Train Tracks

Of course, it couldn’t be any other way.

Our train was headed north, full steam ahead.

We had a son, a home, our careers, our community — and on many days, while we knew we were extremely fortunate to have all of this, it felt obvious that it would carry on. It felt like we had it too good, that there had to be something that could go wrong, because things were going so well in the domains of our lives.

We figured that sure, tragedy would visit us, close to our hearts, some day. Maybe it would be losing our parents, or losing a friend in an accident or to some disease, or just the gnawing everyday fear about climate change and geopolitics and how they would wreak havoc on our son’s world as he grew up. These tragedies are the kinds that happen to everybody — while they are still devastating, they are the expected path of life.

Meanwhile, Jackson would grow up, go to school, have friends, play outside, have a life. We’d grow old together with him; grow our friendships with him, his friends, his friends’ families, our friends’ growing families.

All of that was on our track: we were headed in a direction, and felt that we’d be strong enough to cope and carry through those hard times, whenever they hit, because our family would be together.

Our train was headed north, full steam ahead — with some expected tragedy in the distance, sure — but all was well.

On September 20, just after our son’s second birthday, we found him in his crib, gone. He’d passed away in his sleep.

Some time in the night, our train turned unexpectedly. We’d gone over some switch, and when we woke up, our train was heading east instead of north.

Jackson was gone forever. Our plans and hopes were gone. The other track, the one we thought we’d be on, was visible, fading off in the distance to the north.

We’d carry on in some way, sure, but there was no option to go back, to switch tracks, or to change what happened. No way to see him again, no way to hold him again. No more toast and cream cheese, no more books, no more playing kitchen, no more gardening, no more listening to firetrucks in the distance, no more daycare pickups, no more zoo visits.

That northern track was still visible for a few weeks, and in short moments, we would forget which track we were on. We’d wake up in the morning, and think to go downstairs and get him. I’d reach 5pm, and feel sure that he’d be home from daycare soon. I’d see a toy of his, and imagine him playing with it only a few weeks ago.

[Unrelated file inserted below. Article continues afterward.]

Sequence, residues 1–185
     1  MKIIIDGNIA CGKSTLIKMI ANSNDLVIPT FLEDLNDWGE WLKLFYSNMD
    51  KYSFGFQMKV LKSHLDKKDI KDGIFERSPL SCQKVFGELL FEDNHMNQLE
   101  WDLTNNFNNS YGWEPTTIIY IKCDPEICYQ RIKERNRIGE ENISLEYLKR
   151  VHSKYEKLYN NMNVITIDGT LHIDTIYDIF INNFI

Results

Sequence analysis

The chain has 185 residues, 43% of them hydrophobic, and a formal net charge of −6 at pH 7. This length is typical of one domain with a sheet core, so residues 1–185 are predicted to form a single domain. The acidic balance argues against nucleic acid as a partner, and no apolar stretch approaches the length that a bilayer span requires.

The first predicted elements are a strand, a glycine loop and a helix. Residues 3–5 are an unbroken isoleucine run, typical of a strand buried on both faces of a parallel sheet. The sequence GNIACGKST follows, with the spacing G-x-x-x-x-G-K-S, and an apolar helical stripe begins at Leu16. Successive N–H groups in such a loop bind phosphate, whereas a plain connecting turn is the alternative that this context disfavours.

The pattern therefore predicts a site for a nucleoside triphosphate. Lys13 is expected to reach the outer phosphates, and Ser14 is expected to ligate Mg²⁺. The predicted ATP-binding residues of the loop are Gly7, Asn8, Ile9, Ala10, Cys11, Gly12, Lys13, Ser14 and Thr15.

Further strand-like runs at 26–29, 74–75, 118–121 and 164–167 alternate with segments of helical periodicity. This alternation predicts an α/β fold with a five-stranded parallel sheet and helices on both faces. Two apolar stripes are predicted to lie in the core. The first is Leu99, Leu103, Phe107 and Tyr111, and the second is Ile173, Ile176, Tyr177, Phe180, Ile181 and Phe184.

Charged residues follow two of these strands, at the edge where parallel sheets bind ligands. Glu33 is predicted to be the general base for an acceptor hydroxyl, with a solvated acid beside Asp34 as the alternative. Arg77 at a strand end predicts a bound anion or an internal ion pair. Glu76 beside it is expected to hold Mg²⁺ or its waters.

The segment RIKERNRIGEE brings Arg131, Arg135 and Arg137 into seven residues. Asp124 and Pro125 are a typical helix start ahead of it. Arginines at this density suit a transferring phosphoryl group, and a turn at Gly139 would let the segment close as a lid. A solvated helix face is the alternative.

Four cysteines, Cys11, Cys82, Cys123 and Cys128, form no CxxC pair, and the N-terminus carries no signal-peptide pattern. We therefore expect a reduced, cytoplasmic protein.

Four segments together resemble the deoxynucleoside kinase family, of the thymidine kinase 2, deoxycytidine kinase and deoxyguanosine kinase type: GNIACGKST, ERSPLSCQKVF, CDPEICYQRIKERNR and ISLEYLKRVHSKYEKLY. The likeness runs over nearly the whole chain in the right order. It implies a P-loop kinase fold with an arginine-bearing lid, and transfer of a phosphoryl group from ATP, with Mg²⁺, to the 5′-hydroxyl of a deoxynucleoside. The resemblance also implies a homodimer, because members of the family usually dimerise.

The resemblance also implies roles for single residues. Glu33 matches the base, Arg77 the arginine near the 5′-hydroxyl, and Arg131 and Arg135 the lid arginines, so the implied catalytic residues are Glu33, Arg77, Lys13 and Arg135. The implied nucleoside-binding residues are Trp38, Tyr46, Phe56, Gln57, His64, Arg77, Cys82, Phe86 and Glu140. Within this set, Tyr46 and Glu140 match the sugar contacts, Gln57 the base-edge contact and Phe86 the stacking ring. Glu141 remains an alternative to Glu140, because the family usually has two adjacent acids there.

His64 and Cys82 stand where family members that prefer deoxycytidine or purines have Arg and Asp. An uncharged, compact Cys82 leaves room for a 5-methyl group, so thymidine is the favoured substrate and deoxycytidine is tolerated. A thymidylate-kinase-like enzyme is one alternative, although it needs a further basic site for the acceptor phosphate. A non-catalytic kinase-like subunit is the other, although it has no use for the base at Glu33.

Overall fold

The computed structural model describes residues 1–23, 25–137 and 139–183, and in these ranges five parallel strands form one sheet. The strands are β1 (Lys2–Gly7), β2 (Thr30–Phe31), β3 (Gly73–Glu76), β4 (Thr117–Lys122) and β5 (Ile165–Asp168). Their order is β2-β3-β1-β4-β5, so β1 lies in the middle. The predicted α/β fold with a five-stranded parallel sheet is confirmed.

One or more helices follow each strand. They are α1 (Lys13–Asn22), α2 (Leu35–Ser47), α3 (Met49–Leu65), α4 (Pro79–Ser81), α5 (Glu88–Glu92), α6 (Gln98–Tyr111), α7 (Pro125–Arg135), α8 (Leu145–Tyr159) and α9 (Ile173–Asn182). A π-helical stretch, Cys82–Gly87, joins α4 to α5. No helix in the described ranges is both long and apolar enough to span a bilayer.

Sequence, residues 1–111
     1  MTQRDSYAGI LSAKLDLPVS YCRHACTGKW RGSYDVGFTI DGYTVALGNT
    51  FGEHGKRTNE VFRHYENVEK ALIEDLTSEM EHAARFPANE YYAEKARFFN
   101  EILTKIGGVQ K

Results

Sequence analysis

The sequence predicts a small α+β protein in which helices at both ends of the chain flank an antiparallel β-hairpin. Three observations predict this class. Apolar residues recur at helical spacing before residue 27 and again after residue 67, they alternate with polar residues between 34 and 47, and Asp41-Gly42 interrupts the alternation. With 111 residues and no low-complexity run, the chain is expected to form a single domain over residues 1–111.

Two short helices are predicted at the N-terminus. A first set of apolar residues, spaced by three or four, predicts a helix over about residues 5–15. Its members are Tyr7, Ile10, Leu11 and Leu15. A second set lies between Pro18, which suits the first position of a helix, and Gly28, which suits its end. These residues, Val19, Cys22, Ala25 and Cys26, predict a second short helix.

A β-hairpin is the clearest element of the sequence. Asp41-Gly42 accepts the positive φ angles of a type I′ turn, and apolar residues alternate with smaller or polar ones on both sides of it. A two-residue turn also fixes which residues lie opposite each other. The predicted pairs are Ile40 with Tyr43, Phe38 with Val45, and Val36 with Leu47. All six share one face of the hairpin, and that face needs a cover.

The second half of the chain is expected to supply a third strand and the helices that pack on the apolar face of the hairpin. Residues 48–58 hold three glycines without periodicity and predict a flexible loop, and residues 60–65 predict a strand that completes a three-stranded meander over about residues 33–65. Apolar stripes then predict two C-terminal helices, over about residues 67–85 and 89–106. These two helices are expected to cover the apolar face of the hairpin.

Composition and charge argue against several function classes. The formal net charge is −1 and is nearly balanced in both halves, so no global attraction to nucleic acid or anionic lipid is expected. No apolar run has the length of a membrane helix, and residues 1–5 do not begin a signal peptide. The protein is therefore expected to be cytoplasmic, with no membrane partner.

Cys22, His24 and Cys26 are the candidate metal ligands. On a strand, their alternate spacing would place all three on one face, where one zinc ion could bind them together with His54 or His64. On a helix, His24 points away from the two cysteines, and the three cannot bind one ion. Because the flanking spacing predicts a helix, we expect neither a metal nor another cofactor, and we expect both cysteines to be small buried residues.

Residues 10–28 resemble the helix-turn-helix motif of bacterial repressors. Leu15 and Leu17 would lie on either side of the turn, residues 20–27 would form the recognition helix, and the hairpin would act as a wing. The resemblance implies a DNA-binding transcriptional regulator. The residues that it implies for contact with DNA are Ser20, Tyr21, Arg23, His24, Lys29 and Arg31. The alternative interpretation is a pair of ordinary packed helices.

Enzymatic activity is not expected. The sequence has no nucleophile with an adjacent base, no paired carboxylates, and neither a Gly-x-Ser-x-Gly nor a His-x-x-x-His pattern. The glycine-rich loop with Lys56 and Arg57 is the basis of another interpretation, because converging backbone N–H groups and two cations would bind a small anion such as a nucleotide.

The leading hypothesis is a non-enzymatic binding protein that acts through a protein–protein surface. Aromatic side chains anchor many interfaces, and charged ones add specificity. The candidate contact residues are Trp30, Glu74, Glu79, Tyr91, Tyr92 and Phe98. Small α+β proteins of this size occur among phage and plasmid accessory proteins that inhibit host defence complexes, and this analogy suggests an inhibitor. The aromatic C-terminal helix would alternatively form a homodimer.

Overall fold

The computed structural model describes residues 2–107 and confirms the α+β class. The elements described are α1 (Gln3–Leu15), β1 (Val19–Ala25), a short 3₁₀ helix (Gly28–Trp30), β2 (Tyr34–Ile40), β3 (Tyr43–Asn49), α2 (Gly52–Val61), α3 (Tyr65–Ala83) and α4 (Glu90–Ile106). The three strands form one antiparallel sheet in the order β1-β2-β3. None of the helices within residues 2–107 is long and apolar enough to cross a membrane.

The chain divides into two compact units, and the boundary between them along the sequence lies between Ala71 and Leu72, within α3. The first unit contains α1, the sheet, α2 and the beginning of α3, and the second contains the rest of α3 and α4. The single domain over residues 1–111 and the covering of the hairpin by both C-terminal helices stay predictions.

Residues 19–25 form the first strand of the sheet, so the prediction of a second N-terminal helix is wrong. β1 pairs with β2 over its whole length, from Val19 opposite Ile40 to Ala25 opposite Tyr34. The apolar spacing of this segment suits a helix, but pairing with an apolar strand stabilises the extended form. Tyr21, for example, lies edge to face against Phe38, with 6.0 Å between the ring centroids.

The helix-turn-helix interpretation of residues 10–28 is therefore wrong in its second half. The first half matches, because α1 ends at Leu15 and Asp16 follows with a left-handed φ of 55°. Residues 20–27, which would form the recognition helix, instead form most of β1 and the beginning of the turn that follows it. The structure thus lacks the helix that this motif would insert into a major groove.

These little illusions were devastating. My brain would quietly drift back to its old habits, and then get ripped back into present-day: it was like losing him all over again, and all because some cue from our old life made me forget my new track. 
The switch was silent, sudden, uncaring, and permanent. Nobody flipped it — it had been that way all along, only we couldn’t see it beforehand.

It’s been a couple of months now, and the northern track is fading in the distance. We can’t exactly predict how Jackson would do, and his smell has faded from the house (though his little lovey blanket still has some Jackson Funk in it.)

In my experience, accepting that Jackson is gone has been the surest way to ride out the waves of grief.

It’s helped to have time, to feel some distance from the northern track, and to not have our sense-memories drift us back into those little illusions. That brings acceptance: we can’t predict what would’ve happened on the northern train, and can no longer really see it, so it doesn’t feel as tangible, as obvious, as right-in-front-of-us, and that makes it easier.

It’s helped to think about how the switch wasn’t set by anybody. Jackson passed away in his sleep: nobody was to blame, nobody could’ve stopped it if they were there. He was gone in an instant, with a peaceful look on his face. Natalia and I don’t have to blame each other for some accident, or for some negligence — this was going to happen whether we knew it or not, and in many ways, I am far happier having been ignorant that our little train was barreling towards that switch. We had two wonderful years with that kid, happy until the last.

It’s helped to find areas of post-traumatic growth. We’ve talked with the SUDC Foundation, and learned that in the 800 families they’ve worked with, this has never struck a family twice. We’ve talked with other parents who have lost their children. We’ve been seeing a grief counselor. We’ve been surrounded by friends and family every day these past two months.

It’s helped to keep Jackson close in our hearts, and find ways to remember him: a garden in the back yard, with painted rocks. Saying good morning and good night to his urn. Talking about him, and encouraging others to do the same. Our lives are far richer for having had him for those two sweet years, and he loved every minute of them. It helps to remember that.

So: time, acceptance, post-traumatic growth, and keeping him close in our hearts.

The track was set long before we got there, and there’s no option to switch back. We didn’t choose this. We can only accept what has happened, and find a way to keep going.